The BBC’s track record on reporting anti-Israel bigotry in international sport is not particularly laudable. While some incidents are simply ignored, others get coverage that is often tepid and euphemistic.
That approach was again evident on November 27th in two BBC reports concerning an Iranian wrestler who was instructed by his coaches to lose a match so as to avoid meeting an Israeli in the next round of a championship.
Franks: “We’re often told that sport and politics don’t mix – or at least shouldn’t mix. But at the under-23 world championship of wrestling currently being held in Poland, there is intense speculation that sport and politics did collide and sport lost. Some Iranian wrestling fans on social media are claiming that their man deliberately lost a match on Saturday in order to avoid facing an Israeli opponent in the next round. Houchang Chehabi is an Iranian-born professor of international relations at Boston University. What’s the evidence that the bout was thrown?”
Interviewer and interviewee then discussed a video showing the coach instructing the wrestler to lose the match.
Chehabi: “The evidence seems to be that he was told to do so.”
Franks: “Right. And…ehm…he was told to do so – what – midway through the bout.”
Chehabi: “Yes, apparently. That’s what the video seems to show.”
Despite the Iranian government and the Iranian wrestling federation having praised the wrestler’s “noble and heroic action”, Franks was apparently still not convinced.
Franks: “How plausible do you think it is that a coach would issue instructions like that because of fear of having to meet face-to-face, arm-to-arm, leg-to-leg an Israeli in the next round?
Chehabi: “Yes, well, that’s nothing new. Traditionally Iranian wrestlers simply did not show up when they had to fight an Israeli because the idea was that doing so would lend legitimacy to the Israeli state which the Islamic republic does not accept. So…ahm…under some circumstances obviously the Israeli athlete would be declared the winner and I can only guess that somebody decided that losing a real bout against a Russian was preferable to being declared the loser in a non-bout against an Israeli.”
After a conversation about the popularity of wrestling in Iran, listeners heard the claim that Iranians have been “deprived of medals”.
Franks: “…I just wonder also now how much this might become a ‘thing’ in Iran: that a practitioner of a popular sport has been told – or appears to have been told – to lose in order not to run afoul of the authorities.
Chehabi: “Ahm…as I said this is really nothing new. Many Iranian athletes over the last 30 years have been deprived of medals because they refused to fight an Israeli. So whether they do it by not showing up or by losing the preliminary round, really at the end of the day it doesn’t make much of a difference.”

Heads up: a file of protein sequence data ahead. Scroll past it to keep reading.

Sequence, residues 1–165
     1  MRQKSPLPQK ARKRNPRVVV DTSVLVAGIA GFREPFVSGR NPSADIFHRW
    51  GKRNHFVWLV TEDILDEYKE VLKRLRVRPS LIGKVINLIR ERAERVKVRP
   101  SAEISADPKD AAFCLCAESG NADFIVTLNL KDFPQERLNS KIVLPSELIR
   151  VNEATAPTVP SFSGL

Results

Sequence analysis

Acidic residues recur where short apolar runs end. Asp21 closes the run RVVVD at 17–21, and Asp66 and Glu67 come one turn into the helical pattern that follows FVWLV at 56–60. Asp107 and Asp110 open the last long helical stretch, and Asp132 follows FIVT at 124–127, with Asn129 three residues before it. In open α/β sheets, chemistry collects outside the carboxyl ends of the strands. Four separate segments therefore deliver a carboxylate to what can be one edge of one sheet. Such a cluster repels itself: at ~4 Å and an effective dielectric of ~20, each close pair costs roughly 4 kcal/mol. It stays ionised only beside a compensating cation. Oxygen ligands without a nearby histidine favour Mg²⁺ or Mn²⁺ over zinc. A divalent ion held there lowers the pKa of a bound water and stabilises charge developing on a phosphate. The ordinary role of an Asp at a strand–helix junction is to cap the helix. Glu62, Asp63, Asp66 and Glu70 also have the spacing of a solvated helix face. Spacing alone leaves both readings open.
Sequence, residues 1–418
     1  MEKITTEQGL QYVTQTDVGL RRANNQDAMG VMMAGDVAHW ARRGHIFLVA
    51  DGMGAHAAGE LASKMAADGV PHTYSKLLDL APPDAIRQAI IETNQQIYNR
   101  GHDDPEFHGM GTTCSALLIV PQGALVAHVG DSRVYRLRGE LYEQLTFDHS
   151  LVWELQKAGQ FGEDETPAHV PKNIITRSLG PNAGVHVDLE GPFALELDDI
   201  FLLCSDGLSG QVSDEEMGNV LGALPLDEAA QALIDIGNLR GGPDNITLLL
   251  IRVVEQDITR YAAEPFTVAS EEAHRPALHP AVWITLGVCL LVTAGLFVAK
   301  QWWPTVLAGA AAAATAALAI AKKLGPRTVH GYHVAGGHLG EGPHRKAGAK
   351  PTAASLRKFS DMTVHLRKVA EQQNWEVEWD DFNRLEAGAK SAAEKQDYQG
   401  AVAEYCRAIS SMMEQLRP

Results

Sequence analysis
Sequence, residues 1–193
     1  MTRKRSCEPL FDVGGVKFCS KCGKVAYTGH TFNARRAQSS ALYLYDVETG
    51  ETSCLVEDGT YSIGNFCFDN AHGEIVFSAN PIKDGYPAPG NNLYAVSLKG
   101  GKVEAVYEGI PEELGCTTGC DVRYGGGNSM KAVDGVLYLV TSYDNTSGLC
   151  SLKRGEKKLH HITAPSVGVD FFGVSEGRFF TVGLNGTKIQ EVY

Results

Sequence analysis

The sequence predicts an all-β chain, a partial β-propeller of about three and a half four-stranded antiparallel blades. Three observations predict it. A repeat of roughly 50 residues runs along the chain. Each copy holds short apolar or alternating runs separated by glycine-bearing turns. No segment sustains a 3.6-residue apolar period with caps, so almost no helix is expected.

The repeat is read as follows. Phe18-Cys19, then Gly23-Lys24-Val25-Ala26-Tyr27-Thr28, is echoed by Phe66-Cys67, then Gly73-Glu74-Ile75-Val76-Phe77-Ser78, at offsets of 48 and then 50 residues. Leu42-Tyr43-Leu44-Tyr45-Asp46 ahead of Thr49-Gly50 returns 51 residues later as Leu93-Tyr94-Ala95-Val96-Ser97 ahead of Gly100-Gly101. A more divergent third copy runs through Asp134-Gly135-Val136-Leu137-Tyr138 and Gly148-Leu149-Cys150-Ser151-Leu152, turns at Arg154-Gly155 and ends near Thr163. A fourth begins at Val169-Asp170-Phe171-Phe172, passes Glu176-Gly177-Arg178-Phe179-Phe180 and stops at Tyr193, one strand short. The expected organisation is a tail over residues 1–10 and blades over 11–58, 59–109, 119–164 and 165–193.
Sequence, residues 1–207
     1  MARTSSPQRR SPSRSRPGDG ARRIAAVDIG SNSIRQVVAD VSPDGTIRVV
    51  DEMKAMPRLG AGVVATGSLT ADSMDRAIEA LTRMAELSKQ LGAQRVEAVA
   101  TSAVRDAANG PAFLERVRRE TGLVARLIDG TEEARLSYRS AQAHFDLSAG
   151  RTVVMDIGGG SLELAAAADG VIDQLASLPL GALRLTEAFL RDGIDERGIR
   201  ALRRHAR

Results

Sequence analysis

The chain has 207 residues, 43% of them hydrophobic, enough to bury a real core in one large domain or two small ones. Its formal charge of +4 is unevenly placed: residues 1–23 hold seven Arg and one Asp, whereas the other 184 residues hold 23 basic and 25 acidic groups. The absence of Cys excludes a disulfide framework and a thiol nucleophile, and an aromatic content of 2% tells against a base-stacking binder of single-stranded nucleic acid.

Franks: “But do you think wrestling fans…I mean clearly some are upset about it but do you think the majority would be thinking well, you know, it’s just one of those things?”
Chehabi: “Yeah, exactly. I would…I would go with that.”
Franks then appeared to bring up an ‘interesting’ way of avoiding such situations which – notably – did not involve the Iranians giving up their bigoted approach.
Franks: “And in terms of the Iranian sort of…trying to avoid this sort of thing in the future, have they ever tried to make appeals to the people who run world sport to avoid embarrassing clashes or do they realise that that is simply a power that they cannot wield?”
Chehabi: “Oh I’m sure that’s a power that they cannot wield. I mean some measures were taken by Arab countries: Israel a few decades ago was expelled from the Asian Games for instance. Until the 1970s Israel took part in the Asian Games and then Arab countries made sure that they could no longer do. But in the case of world championship, there’s no way one can exclude one country.”
Remarkably, the only explanation listeners to this item received regarding the political background relevant to this story was the tepid and euphemistic observation that “the Islamic Republic does not accept” Israel. Iran’s regular violent threats against Israel and its funding of terror groups dedicated to bringing about the country’s demise did not even get a mention in Franks’ portrayal of this story.
Also on November 27th the BBC News website published an article titled “Outrage as Iranian wrestler ‘forced’ to lose match” in the features section of its Middle East page. The same article – by BBC Trending – appeared on the ‘wrestling’ page of the BBC Sport website which, despite its usually displayed interest in reporting bigotry and discrimination in sport, did not produce any coverage of this story itself.
The political background provided to readers of that article was similarly sketchy:
“Iran does not recognise the state of Israel and forbids its athletes from competing against Israelis at international sports events.”
The article also included a link to a fifteen month-old report by BBC Sport which – as pointed out here at the time – inaccurately named the Israeli judoka Or Sasson as ‘Os’. The same uncorrected inaccuracy appeared again in this latest article.
“Also in the Rio Games, Egyptian Islam El Shehaby was booed by the crowd after refusing to shake hands with Israeli opponent Os Sasson.”
It is of course highly unlikely (one hopes) that BBC coverage of any story about sportspeople repeatedly encountering discrimination, bigotry and state-ordered boycotts because of their skin colour, gender or sexual orientation would be quite as lukewarm as is the corporation’s repeated portrayal of those concerning Israelis.